University of Pittsburgh
November 2, 2004

Pitt Adds Renowned Authority on International Security Policy to Graduate School of Public and International Affairs and Ridgway Center Faculty

Former Clinton Administration defense department advisor Janne E. Nolan brings expertise in weapons of mass destruction and the politics of national security
Contact:  412-624-4147

PITTSBURGH—International security expert Janne E. Nolan has joined the University of Pittsburgh Graduate School of Public and International Affairs (GSPIA) and Matthew B. Ridgway Center for International Security Studies as a professor of international studies. Nolan served as an advisor to the U.S. Secretary of Defense from l993 to 2000; she taught in the national security studies program at Georgetown University from l987 until earlier this year.

"The appointment of Janne Nolan to the faculty makes a significant contribution to the growing recognition of the University of Pittsburgh as a center of excellence in international security studies," commented Pitt Provost James V. Maher.

"Dr. Nolan brings a combination of thoughtful scholarship on national security and high-level policy experience, which makes her ideal for our program in international affairs, educating students for careers in international policy," said Carolyn Ban, dean of GSPIA.

"The University of Pittsburgh is extremely fortunate to have attracted someone with the expertise and credentials of Janne Nolan," said William Keller, director of the Ridgway Center. "Having her on the faculty enhances the center's profile and prestige in the security field, both nationally and internationally."

Nolan's expertise in nuclear weapons, proliferation and arms control, weapons of mass destruction, international technology transfer, and security policy led her to such prior positions as the foreign policy director of the Century Foundation of New York, a senior fellow at the Brookings Institution, a national security advisor to former Democratic Senator Gary Hart, and a foreign affairs officer in the U.S. Department of State. She also has served as an advisor to numerous congressional and presidential campaigns.

Recently, Nolan has turned her interest to the topic of public discourse on national security issues and the chilling effect that is frequently imposed on opinions outside the mainstream or in opposition to current policy. She is writing a book titled Defending the Status Quo: Discourse and Dissent in American Security, under contract to the Twentieth Century Fund, and she is teaching a related course in GSPIA called Ethics and National Security. Nolan is the author of six books and dozens of articles in such national publications as Foreign Affairs, Foreign Policy, Scientific American, The New York Times, The New Republic, and The Washington Post.

Among the books Nolan has authored or edited are Ultimate Security: Weapons of Mass Destruction in the 21st Century (Brookings Institution Press, 2003), An Elusive Consensus: Nuclear Weapons and American Politics After the Cold War (Brookings Institution Press, 1999), Global Engagement: Security and Cooperation in the 21st Century (Brookings Institution Press, 1995), Trappings of Power: Ballistic Missiles in the Third World (Brookings Institution Press, 1991), Guardians of the Arsenal: The Politics of Nuclear Strategy (Basic Books, 1989), and Military Industry in Taiwan and South Korea (Macmillan, 1986).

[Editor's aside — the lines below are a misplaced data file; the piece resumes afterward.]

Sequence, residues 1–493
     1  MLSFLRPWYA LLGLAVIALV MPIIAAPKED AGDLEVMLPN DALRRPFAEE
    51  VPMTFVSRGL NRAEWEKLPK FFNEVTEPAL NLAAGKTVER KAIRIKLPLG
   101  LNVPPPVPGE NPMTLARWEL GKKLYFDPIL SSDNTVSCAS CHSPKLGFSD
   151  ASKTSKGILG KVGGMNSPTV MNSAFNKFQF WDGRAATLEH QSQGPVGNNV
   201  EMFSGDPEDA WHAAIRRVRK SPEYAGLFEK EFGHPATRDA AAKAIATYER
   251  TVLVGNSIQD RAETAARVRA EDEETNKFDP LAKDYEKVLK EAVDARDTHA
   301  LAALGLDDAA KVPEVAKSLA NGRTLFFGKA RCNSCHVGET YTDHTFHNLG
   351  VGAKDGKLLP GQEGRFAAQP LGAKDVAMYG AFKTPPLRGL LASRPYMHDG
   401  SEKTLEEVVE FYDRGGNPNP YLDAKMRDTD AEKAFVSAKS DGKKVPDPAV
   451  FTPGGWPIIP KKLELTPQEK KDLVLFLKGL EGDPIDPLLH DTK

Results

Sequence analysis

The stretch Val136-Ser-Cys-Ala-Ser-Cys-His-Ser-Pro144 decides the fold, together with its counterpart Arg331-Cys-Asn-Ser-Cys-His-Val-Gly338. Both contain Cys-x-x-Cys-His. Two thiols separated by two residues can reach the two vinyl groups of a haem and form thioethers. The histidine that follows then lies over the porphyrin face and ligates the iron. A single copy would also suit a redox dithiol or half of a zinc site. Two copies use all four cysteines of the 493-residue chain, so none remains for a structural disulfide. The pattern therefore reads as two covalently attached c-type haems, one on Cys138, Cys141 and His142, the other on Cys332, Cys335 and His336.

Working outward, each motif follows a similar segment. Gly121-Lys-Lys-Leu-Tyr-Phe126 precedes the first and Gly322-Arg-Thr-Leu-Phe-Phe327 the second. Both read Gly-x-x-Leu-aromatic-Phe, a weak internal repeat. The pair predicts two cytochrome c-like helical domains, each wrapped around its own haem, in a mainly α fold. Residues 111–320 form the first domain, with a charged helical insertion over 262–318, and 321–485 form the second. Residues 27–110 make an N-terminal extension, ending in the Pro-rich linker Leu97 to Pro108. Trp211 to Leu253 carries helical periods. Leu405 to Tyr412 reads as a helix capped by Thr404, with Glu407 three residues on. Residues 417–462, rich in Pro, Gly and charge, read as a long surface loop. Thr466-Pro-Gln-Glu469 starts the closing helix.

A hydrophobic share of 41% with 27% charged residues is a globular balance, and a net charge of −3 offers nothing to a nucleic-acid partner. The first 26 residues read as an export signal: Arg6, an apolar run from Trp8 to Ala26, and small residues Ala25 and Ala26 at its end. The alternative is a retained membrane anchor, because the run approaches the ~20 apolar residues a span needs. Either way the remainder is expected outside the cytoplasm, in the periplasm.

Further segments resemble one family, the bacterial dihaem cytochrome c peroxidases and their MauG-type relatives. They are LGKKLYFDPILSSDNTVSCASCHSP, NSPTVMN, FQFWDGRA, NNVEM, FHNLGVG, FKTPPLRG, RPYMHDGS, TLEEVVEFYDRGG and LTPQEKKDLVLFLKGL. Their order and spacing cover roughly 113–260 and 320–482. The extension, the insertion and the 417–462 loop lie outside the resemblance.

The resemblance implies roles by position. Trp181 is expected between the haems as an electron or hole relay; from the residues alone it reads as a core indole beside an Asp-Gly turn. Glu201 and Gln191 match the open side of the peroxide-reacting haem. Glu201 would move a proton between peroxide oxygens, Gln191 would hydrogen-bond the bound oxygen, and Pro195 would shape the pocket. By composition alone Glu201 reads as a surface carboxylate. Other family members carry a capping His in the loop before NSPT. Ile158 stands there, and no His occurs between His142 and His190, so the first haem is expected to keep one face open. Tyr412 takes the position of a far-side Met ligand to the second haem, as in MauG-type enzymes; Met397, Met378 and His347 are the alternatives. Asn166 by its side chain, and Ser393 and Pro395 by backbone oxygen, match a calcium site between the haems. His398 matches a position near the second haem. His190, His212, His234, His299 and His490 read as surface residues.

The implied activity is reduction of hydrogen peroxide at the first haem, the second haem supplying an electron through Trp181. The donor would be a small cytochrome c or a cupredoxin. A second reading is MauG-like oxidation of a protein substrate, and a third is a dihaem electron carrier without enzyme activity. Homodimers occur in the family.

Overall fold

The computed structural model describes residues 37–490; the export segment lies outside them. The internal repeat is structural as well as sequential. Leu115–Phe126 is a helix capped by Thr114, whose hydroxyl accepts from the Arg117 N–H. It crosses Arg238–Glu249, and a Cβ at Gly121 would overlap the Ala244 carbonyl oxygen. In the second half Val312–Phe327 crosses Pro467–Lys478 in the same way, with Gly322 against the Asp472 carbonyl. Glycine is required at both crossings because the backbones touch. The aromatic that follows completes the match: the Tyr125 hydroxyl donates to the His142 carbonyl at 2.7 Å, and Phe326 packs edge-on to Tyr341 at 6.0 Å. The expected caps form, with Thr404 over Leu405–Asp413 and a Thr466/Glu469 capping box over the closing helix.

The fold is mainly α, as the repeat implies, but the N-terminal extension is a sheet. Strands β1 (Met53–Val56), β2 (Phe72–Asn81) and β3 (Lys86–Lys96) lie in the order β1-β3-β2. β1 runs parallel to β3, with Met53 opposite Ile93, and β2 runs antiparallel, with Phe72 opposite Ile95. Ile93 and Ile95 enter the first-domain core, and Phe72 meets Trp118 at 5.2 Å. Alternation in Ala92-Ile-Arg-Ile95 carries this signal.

Nolan also was a member of the National Defense Panel, a congressionally appointed group that provided yearlong review and oversight of the Pentagon's first Quadrennial Defense Review in l999, and, throughout the Clinton Administration, she served as a member of the Defense Policy Board, which provided advice to the Secretary of Defense. In l997, she was appointed by Congress to an intelligence panel examining the ballistic missile threat to the United States and served on the official board investigating the Al Qaeda terrorist attacks on American embassies in East Africa in l998.

A three-time John D. and Catherine T. MacArthur Foundation Fellow (1988, 1998, and 2003), Nolan is active as either a board or a committee member of numerous foreign policy leadership groups, among them the International Security Committee of the American Academy of Arts and Sciences, the Aspen Strategy Group, Arms Watch (Human Rights Watch), the Arms Control Association, the Chemical and Biological Arms Control Institute, the Foreign Service Council, the International Institute for Strategic Studies, the Institute for Foreign Policy Analysis, and Women in International Security.

Nolan earned master's of law and diplomacy and Ph.D. degrees at The Fletcher School of Law and Diplomacy at Tufts University in l981 and l983, respectively, and was awarded a fellowship for advanced doctoral research at the Center for International Security and Cooperation at Stanford University in l982. She earned the B.A. degree in political science and foreign languages at Antioch College in 1975.

Nolan also taught graduate courses international technology and military strategy at Columbia University in l998 and l999.

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